The University for Development Studies (UDS) has inducted the sixth batch of its medical doctors with a call on them to accept postings to serve the rural poor and work harder to sustain and preserve lives.
Professor Gabriel Ayum Teye, Vice Chancellor of UDS speaking at the induction ceremony, urged the doctors to contribute their quota towards transforming the communities in which they would serve since their training exposed them to rural community life.
He said the UDS School of Medicine and Health Sciences (SMHS) had adopted the problem-based learning approach, which was, students centred and based on a given problem for students to research into and find solutions.
He said the SMHS was one of the pillars of the university but lacked adequate staff to handle students, which had been a major challenge for university authorities.
He appealed for the lifting of the ban on employment, especially on tertiary institutions for the university to recruit more lecturers to solve the problem to improve academic work.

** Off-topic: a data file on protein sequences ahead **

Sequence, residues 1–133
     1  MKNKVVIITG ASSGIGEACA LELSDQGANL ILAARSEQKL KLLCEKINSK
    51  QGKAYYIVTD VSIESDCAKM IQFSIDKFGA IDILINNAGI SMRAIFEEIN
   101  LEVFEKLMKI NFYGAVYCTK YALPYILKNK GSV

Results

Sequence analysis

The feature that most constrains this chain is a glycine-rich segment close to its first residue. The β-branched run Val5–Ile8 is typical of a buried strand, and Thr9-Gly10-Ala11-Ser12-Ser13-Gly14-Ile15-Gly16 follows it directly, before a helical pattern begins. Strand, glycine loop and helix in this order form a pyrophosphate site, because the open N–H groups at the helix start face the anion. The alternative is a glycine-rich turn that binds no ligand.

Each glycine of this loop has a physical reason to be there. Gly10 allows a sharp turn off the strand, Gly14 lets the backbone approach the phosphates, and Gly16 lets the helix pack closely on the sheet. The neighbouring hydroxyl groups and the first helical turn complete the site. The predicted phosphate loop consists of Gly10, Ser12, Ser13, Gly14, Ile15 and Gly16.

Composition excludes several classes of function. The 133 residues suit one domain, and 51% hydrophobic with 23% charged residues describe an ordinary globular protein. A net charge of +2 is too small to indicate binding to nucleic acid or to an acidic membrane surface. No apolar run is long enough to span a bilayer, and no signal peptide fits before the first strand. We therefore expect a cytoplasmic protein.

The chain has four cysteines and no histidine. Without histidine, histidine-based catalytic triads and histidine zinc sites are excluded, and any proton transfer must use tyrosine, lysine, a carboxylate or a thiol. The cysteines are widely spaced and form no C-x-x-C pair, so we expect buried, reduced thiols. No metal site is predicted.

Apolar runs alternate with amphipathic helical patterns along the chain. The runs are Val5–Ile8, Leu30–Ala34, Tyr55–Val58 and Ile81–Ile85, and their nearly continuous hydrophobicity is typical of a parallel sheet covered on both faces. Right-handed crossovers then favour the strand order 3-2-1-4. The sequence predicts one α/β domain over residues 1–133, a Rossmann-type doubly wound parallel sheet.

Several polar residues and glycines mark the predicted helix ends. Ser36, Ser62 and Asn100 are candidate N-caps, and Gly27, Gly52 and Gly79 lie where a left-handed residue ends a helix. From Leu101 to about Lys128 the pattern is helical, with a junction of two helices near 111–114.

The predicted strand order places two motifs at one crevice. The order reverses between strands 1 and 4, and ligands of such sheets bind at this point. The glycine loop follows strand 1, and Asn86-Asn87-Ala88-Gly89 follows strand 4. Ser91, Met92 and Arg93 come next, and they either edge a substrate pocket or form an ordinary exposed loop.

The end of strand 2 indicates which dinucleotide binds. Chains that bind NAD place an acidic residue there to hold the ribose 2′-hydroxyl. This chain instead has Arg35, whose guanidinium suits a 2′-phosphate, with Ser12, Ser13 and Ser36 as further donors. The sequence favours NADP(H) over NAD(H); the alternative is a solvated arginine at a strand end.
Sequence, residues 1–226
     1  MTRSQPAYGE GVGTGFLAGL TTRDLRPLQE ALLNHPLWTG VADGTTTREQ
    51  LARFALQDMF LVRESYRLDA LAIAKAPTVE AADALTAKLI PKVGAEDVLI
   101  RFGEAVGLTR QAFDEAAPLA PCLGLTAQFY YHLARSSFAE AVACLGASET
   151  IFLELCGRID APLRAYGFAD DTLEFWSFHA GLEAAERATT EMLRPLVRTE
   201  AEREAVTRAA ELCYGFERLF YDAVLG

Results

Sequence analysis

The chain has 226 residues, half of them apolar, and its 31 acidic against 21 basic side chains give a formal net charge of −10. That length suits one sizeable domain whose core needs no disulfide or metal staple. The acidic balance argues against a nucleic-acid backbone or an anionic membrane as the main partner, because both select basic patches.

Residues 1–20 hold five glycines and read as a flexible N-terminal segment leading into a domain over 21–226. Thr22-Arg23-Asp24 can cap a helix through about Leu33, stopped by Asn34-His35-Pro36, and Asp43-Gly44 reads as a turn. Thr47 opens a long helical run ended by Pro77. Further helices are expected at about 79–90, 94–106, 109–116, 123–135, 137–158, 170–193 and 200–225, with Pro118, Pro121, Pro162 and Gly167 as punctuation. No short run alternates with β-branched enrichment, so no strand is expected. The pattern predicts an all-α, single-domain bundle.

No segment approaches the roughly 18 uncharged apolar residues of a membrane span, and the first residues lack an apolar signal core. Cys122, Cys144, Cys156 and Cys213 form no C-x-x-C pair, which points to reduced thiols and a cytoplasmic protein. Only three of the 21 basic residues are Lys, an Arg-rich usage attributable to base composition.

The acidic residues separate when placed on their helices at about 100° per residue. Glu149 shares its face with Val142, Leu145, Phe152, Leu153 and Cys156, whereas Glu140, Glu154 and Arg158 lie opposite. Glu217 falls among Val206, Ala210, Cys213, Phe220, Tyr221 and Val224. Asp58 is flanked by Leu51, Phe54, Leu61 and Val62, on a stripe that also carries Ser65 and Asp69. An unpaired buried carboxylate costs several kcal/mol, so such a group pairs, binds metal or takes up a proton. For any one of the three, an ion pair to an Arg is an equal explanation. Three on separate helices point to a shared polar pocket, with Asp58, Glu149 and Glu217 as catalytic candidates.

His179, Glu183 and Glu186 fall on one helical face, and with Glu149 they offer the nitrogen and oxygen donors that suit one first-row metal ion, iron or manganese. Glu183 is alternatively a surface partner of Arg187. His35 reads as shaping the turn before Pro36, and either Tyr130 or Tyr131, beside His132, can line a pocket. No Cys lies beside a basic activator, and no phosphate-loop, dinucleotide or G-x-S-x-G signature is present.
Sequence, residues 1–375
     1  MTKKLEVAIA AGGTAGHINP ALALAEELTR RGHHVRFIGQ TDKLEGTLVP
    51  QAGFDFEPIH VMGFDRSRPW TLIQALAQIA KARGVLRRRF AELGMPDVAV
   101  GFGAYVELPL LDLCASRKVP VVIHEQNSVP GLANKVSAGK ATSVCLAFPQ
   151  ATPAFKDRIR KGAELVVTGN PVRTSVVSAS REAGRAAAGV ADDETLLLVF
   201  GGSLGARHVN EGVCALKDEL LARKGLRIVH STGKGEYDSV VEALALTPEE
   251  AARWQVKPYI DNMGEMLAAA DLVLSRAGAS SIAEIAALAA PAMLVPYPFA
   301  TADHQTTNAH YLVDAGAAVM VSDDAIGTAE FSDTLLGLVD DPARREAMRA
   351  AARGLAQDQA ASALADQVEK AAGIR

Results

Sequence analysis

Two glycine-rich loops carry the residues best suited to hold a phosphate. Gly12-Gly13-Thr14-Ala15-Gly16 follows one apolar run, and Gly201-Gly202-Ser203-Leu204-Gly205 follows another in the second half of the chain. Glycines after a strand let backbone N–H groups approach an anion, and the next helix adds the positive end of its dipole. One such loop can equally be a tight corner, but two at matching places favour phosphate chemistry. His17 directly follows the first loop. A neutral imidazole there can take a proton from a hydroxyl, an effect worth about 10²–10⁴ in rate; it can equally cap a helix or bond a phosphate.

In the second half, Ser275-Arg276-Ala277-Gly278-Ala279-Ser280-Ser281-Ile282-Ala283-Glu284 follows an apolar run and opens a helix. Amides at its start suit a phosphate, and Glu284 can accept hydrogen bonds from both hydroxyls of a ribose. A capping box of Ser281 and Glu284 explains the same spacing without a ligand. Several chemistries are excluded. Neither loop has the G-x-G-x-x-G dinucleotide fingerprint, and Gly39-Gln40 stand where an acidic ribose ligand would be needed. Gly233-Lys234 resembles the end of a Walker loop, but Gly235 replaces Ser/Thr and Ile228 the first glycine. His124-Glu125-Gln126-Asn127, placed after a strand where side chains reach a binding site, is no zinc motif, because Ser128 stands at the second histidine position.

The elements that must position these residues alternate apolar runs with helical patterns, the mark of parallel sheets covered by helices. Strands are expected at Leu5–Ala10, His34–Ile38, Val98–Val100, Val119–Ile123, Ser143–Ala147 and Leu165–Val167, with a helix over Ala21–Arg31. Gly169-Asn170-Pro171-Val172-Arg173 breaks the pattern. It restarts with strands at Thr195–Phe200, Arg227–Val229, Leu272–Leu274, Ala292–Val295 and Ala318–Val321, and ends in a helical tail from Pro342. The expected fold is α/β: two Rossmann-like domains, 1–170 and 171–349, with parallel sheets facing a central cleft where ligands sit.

He commended the GETFund and the Bank of Ghana for the provision of infrastructure and appealed for more assistance to help change the horizon of the Tamale campus, which had already seen the springing up of four-storey office, lecture and tutorial room complex.
Professor Teye said plans were far advanced for the construction of a two-storey lecture theatre with a library complex at the Tamale Teaching Hospital (TTH) for clinical training as means of solving the problem of inadequate teaching and learning space in the medical school.
He advised the graduands not to let their training to be seen as useless since UDS was vouching for the knowledge they acquired, and that the challenges in the outside world were enormous including unwritten rules and expressed hope that they would stand the test of time.
Some deserving doctors were presented with prizes with Dr Alhassan Mohammed Musah emerging as the overall best student. He received GH¢1,000.00 as the Vice-Chancellor’s prize for the best student.